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Climate Change: Fact or Fiction?


Muir Glacier, photographed in 1941 and again in 2004. USGS photos.

Back in 1925 Glacier Bay National Monument was established, in part, to protect "a number of tidewater glaciers ... in a magnificent setting of lofty peaks ..."

Well, as these photos of Muir Glacier in Glacier Bay National Park and Preserve show, some of those glaciers are slip-sliding away.

Such photographic evidence makes it hard to argue against climate change. About the only thing that can be argued is the role, if any, that humans are playing in altering the world's climate.

That said, glaciers have been coming and going in this Alaskan landscape for a long, long, long time:

Ice has been a major force in the Glacier Bay region for at least the last seven million years. The glaciers seen here today are remnants of a general ice advance – the Little Ice Age – that began about 4,000 years ago. True to its name, this advance in no way approached the extent of continental glaciation during Pleistocene times known as the Wisconsin Ice Age. The Little Ice Age reached its maximum extent here about 1750, when general melting began. The advance or retreat of a glacier snout reflects many factors: snowfall rate, topography, and climate trends. Today, glacial retreat continues on the bay's east and southwest sides, but on the west side several glaciers are advancing.


Awhile back I read an article on the role of humans in climate change. In it the author used the analogy of a standard desktop globe of the earth to give perspective. The thickness of the earth's atmosphere would be represented by a single coat of varnish on the globe. It is that thin. We have been pumping billions of tons of CO2 and other greenhouse gasses into this painfully thin life supporting envelop for some 150 years. How can anyone intelligently argue that humans cannot affect the climate? Of course we can - and are. Mother nature always bats last - and she is about to use that bat on us.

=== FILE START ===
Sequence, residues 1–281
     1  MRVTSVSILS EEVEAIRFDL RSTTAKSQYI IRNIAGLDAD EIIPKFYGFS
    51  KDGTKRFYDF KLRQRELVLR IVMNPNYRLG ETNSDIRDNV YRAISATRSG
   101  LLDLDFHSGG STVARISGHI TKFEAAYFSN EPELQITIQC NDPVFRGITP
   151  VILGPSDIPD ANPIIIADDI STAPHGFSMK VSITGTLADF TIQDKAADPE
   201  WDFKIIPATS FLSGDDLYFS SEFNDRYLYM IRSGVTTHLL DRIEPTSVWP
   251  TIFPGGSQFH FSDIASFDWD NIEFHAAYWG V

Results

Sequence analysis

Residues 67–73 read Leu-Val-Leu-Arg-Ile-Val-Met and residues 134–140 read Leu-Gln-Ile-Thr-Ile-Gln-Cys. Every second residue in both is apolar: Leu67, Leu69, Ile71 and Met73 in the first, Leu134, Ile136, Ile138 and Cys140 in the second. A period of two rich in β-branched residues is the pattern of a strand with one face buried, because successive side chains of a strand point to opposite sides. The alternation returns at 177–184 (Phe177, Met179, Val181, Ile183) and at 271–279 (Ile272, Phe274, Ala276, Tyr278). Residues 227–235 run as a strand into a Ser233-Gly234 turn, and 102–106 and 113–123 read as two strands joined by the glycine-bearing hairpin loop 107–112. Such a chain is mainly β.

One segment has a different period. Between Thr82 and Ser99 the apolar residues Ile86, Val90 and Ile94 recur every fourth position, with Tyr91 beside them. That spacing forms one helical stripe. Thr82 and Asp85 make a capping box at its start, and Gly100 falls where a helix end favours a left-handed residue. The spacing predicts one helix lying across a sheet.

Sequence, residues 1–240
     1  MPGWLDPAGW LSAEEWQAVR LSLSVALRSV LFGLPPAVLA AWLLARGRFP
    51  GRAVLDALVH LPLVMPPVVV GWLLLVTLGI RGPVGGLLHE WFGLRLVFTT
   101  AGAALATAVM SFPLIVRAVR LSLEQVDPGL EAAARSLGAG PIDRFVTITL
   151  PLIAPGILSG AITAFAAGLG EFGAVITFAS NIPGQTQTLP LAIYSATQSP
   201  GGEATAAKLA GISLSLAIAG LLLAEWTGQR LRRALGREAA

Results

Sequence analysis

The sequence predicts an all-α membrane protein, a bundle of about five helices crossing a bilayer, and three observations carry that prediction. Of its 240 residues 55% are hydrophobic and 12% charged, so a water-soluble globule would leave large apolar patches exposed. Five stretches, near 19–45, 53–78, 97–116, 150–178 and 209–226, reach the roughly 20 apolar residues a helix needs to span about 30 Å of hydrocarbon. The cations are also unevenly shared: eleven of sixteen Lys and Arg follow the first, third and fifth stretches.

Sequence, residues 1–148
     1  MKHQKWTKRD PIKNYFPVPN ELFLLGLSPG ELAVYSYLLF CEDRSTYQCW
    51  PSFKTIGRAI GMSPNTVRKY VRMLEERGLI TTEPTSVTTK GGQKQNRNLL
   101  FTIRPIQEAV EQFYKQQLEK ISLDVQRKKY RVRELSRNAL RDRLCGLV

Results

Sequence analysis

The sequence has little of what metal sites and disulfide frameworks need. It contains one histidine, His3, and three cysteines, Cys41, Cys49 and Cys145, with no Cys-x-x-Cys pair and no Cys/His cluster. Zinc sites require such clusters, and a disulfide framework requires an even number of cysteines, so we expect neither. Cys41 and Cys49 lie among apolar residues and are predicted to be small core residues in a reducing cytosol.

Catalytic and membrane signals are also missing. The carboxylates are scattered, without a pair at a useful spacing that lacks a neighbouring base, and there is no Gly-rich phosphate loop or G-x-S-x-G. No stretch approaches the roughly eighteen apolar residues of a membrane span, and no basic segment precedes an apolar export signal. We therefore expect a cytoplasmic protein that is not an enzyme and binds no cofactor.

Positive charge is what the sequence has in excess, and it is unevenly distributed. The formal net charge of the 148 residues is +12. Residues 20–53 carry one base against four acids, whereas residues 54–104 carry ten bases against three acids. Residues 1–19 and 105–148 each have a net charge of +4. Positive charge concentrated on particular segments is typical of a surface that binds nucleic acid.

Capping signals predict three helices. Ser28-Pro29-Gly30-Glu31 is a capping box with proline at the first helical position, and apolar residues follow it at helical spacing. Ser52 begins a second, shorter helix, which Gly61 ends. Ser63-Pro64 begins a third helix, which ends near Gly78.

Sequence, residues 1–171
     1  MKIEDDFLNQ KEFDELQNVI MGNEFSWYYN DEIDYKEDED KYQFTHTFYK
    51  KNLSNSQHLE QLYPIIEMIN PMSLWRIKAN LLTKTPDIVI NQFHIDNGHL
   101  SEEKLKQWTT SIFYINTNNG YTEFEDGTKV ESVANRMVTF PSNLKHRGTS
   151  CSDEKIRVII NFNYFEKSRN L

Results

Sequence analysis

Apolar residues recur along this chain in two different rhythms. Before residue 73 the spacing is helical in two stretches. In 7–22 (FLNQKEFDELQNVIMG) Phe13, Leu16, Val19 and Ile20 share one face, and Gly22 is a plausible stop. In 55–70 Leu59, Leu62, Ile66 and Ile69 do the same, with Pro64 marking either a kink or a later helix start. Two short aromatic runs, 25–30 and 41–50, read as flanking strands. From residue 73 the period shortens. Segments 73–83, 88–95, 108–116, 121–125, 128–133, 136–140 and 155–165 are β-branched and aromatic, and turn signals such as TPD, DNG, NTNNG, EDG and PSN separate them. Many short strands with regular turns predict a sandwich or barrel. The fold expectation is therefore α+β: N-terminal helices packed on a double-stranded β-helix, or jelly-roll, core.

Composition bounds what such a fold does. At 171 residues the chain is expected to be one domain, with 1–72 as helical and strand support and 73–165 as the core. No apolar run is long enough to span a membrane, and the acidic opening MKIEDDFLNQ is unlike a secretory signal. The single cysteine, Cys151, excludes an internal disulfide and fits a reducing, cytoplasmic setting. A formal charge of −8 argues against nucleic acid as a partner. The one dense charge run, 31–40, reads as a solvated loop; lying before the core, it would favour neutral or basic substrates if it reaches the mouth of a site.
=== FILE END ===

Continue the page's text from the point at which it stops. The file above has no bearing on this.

I don't know how you can post this fallacious tripe with a clear conscience.

The change in the number one warmest year in the US, not the globe - that's 2005, was that '34 moved from a statistical tie with '98, to a statistical tie with '98. A fact Hansen stated from the get-go. 2009 is also in a statistical tie for second place behind 2005 with '34 and '98.

Your denialist talking points get worse from there.
Yes, orbital forcing triggers (there is more than one thing that can perturb climate in one direction or another) a move out of the glacial periods, which releases CO2 locked in ice, so CO2 "follows" temp. But then CO2 typically contributes to another ~6400 years of warming. Of course this talking point ignores the fact global temperature has nothing to do with man releasing CO2 which has been locked in sinks for millenia and are inaccessible to natural forces.

Reams of data? how many years? 100? 1,000? 1,000,000? Can they or we compare it to other reams of data to assert any theory that is 57% predictable? hmmm.

I thought I knew better from my days living in Utah, but when I read the comment regarding how there's never been more forested land in the continental US that currently stands (no pun intended) I thought it would be worth the update to all parties concerned about just how much "greening" has been taking place of late. First off, with the rate of urban sprawl during the second half of the 20th C I found it difficult to believe anyone could make a statement purporting increased vegitation in our forests, but be that as it may, the following link would like to propose a slightly different view of our "great National forests".......

Now for what it's worth, there are a multitude of possibilities not discussed within the context of this article that both explain the loss of hardwood and have no tie, directly or indirectly to the climate and are mostly centered around a those exotic species of both parasitic organisms and diseases for which there are no current treatments. But to say the climate isn't at least partially involved would border on the naive. This from someone who isn't convinced that the sky is falling to begin with, but who understands that saving myself some money through a few lifestyle changes that also allow for the betterment of the planet can't be a bad thing for anyone, except the utility companies who I sincerely hope go the way of the dinosaur by the end of this year.